In a few hours’ time, Australian football fans will either have goofy smiles on their faces, or be starting to fret over yet another troublesome World Cup qualification campaign.
The ramifications of tonight’s qualifier between the Socceroos and Japan in Saitama are immense and cannot be understated. Just hours after the match will be completed, Saudi Arabia will, barring some miraculous performance from the Chinese on foreign soil, add another three points to their tally and sit comfortably on 12 with a perfect record in the group.
If the Socceroos also manage to produce a winning result, they and the Saudis will have gapped the field; potentially establishing a points lead in Group B even greater than the current six-point margin, should Oman fail to defeat the plucky Vietnamese in the Middle East on Wednesday morning.
Those two results would see both the Saudis and Socceroos nine points clear of Japan and seemingly out of reach for the remainder of the group. In essence, the foundational work required to qualify for Qatar 2022 will have been done and some might even dare to suggest that Graham Arnold’s team had already done enough.
That is a dangerous way to think, however it would be hard to imagine Japan eroding a nine point deficit to either side, especially considering their indifferent form and just how well both the ladder leaders are playing.
However, a Socceroo loss to Japan would tighten things up considerably and Saudi fans may well be hoping that result plays out, with a draw also not a bad outcome for them.
The Saudis with 12 points, Australia on nine and Japan holding six would be the state of play should the Samurai Blue rediscover their goal-scoring form and defeat the Socceroos.
After that, things would become very, very interesting.
All three results are distinct possibilities tonight, with Japan holding sway as reasonably firm favourites with betting agencies and the Socceroos paying, at the time of writing, in excess of $4.00 in a two-horse race.
Mighty good odds really, especially for a team seeking a 12th-straight win and their opponent having scored just one goal in 270 minutes. Yet this is Japan we are talking about and anything other than an emotional and committed effort with essentially their qualification hopes on the line is unlikely.
No doubt the Socceroos will need to be better than they were against Oman, where the score line perhaps flattered them a little when the entire contest is viewed in context.
Awer Mabil’s early goal appeared to come from nothing of consequence in terms of build-up, as both sides continued to feel each other out and Oman owned the latter parts of the first half. 1-1 at the break was an accurate reflection.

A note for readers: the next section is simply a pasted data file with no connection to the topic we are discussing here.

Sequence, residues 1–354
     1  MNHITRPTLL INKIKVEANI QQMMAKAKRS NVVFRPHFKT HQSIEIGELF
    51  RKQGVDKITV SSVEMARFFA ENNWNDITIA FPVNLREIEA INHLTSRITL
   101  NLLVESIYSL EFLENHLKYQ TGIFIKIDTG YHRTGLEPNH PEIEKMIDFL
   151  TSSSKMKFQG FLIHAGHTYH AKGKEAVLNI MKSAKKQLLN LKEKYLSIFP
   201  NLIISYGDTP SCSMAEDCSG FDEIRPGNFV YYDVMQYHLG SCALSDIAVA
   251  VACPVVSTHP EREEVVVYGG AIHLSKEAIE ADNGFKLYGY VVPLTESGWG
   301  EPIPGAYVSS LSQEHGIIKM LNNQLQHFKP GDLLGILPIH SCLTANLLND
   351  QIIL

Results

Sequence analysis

It was pleasing to see the Socceroos find the net a couple of times in the second half, something that has occurred a little more frequently in recent times, with Martin Boyle, Mitchell Duke and Mabil scoring regular goals.
However, Japan presents a different and potentially more compelling challenge, where precise defending and the creation of chances is likely to be considerably more difficult than it was against Oman.
Harry Souttar was caught out on numerous occasions by speedy Oman attackers running off his shoulder and forcing him to turn awkwardly, Rhyan Grant looked a little tired and the introduction and impact of Fran Karacic perhaps proved that hypothesis.
Alongside Aziz Behich and Trent Sainsbury as a back four, they will likely be challenged by an even more dangerous attacking unit.
Celtic forward Kyogo Furuhashi began Japan’s previous outing on the bench, suggesting he could well be unleashed from the start tonight; potentially forming a frightfully dangerous attacking threat with Southampton’s Takumi Minamino.
Arsenal’s most recent player of the month Takehiro Tomiyasu will provide headaches for either Mitchell Duke or Adam Taggart up front, with the central defender proving his worth against the best opposition in the world on a week to week basis.
In addition, Spanish-based Gaku Shibasaki and VfB Stuttgart’s Wataru Endo are a duo capable of controlling the midfield with ease.
There is quality and pedigree right across the park for Japan. Jackson Irvine, Aaron Mooy and Ajdin Hrustic will have their hands full in attempting to earn a fair share of possession in the centre of the pitch, and Tom Rogic, Mabil, Boyle and Arnold’s chosen striker will hope to benefit from their work and trouble what does look a settled and effective defence.
It could well be the busiest defensive night the Socceroos have seen for some time and the cracks evident against Oman seem likely to be opened even further tonight.
Japan have been poor thus far and exactly what is going wrong appears difficult to ascertain precisely. However with yet another lacklustre performance simply not an option for them, expect a return of the Samurai Blue we all enjoy watching.
Whatever they produce, it will better than what they dished up against Saudi Arabia last Friday and the Socceroos must do the same if they hope to extend their unbeaten run.